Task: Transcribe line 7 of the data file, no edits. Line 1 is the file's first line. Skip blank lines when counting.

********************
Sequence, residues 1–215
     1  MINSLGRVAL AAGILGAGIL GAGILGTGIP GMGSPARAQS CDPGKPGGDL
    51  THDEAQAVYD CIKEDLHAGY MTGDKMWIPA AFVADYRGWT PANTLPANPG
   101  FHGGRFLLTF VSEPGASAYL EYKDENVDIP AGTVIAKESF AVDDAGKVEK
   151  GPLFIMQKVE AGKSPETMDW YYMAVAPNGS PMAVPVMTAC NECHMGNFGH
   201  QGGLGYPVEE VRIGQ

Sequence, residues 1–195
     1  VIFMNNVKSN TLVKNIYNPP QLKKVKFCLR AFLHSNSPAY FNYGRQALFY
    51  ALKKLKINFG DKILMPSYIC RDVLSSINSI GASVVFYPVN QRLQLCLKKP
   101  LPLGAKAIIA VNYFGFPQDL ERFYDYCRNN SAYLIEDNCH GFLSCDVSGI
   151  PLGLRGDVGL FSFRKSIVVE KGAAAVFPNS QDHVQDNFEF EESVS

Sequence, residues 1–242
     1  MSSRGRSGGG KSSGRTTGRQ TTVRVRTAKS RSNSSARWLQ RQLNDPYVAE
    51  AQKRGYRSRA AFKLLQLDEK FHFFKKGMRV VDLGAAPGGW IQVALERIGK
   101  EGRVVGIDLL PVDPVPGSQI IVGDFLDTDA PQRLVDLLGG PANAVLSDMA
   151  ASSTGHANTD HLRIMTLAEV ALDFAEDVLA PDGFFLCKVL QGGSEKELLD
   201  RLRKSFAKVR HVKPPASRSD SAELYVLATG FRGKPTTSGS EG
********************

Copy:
Sequence, residues 1–195